Customer loyalty: the solution to churn rates you can trust?
While you’ll want to do whatever you can to keep churn rates low and well within those average brackets, the simple fact is that you’re always going to experience some level of churn. That much is inevitable and even expected. With that in mind, all you can do is take steps to reduce the damage and address any issues, especially if large numbers of consumers are churning on an involuntary basis. After all, it costs five times more to acquire new customers than keeping your existing ones. As such, reducing your churn rates by just 5% could see you saving anywhere from 25-125% of your income.
Given that your efforts here really all come down to keeping customers onside and buying your products, it should come as no real surprise to you that customer loyalty should be at the heart of your annual plans for churn rate reductions. By building a loyalty scheme that genuinely speaks to the consumers you’ve got and those you acquire moving forward, you can certainly wave goodbye to high churn rates. Even if your current calculations put you at better than average, that’s a goal well worth working towards. The question is, how exactly can you improve customer loyalty with churn rates in mind?
Few consumers suddenly decide to turn their backs on companies. Rather, this tends to be a gradual process of forgetting or dissatisfaction. And, those are both issues you can address by simply becoming more proactive in your loyalty efforts. Automated and personalised emails are a fantastic way to do this, as are loyalty programmes that keep on giving and ensure the consumers in question never feel abandoned or unimpressed enough to leave.
Surprise, delight and engage with third-party loyalty programmes
Loyalty programmes can also help you a great deal when you use them to surprise and engage customers with third-party offerings. In this instance, even individuals who were considering looking elsewhere are more likely to start buying from you again. This is because third-party providers have the tech and know-how to dedicate entire experienced teams to tailor-made loyalty offers that guarantee genuine interest. Programmes like these are always better from a churn rate perspective than cardboard cutout alternatives, and they could just see you beating averages next year, or going even lower than that curve.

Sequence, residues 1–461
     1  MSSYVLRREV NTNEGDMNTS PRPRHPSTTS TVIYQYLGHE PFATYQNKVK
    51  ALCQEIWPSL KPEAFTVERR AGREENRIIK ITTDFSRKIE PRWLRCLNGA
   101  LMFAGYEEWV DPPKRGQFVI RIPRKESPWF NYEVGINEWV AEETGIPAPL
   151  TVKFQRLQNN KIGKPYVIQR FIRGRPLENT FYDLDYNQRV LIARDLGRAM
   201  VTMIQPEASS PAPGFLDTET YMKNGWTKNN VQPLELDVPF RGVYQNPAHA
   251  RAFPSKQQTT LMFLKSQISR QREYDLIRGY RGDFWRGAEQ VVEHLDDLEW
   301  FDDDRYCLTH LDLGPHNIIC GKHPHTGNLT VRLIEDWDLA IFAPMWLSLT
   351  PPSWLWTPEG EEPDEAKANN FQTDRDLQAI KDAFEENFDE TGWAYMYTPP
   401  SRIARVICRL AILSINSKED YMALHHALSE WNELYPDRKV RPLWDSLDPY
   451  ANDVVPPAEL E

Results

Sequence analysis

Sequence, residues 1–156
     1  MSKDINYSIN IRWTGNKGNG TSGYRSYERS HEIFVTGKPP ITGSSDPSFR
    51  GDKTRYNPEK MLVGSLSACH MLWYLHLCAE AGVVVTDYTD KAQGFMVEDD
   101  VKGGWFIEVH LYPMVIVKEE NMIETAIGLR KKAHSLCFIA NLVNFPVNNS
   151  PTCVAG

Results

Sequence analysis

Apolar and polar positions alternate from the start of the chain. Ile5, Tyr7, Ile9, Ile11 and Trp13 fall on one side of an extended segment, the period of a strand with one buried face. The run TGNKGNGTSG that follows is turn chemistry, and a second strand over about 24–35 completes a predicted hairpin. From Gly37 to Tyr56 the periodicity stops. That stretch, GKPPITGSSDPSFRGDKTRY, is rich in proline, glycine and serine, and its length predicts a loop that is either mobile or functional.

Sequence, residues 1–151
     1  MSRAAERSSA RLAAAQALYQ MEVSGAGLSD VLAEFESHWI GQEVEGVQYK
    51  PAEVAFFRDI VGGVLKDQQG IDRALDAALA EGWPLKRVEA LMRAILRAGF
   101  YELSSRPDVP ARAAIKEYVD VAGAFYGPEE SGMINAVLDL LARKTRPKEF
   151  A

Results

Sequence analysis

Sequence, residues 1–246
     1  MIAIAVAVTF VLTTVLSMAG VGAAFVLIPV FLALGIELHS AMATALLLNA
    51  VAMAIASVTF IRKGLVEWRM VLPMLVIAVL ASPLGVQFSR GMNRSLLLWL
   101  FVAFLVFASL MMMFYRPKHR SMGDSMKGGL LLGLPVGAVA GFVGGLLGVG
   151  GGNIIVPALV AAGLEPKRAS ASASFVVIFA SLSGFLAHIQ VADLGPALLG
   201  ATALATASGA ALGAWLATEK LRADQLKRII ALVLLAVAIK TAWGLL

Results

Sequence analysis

Always add value
Along the same lines, you should always do what you can to add value to your existing consumers. This means avoiding standardised ‘10% off’ offers, and instead thinking about what consumers really want. Returning to your churn rate calculations could help here. For instance, higher than average involuntary churn rates suggest that things like high shipment costs are your issue, so free shipping offers for repeat customers are sure to work well. Equally, personalising loyalty discounts, etc. based on purchase history makes sure you’re adding value where it matters, and keeping many more customers on board as a result.
Stop churn rates from churning up mud in your business
Ultimately, there’s no such thing as a good churn rate. While understanding where you rest in industry averages can help you to get a grasp on just how many consumers you’re losing each year, you can guarantee that customer loyalty still deserves a place at your business table. By simply taking the time to build on your retention efforts in these ways, you’ll never again need to ask yourself whether your churn rate is better than average. You’ll automatically know that it is.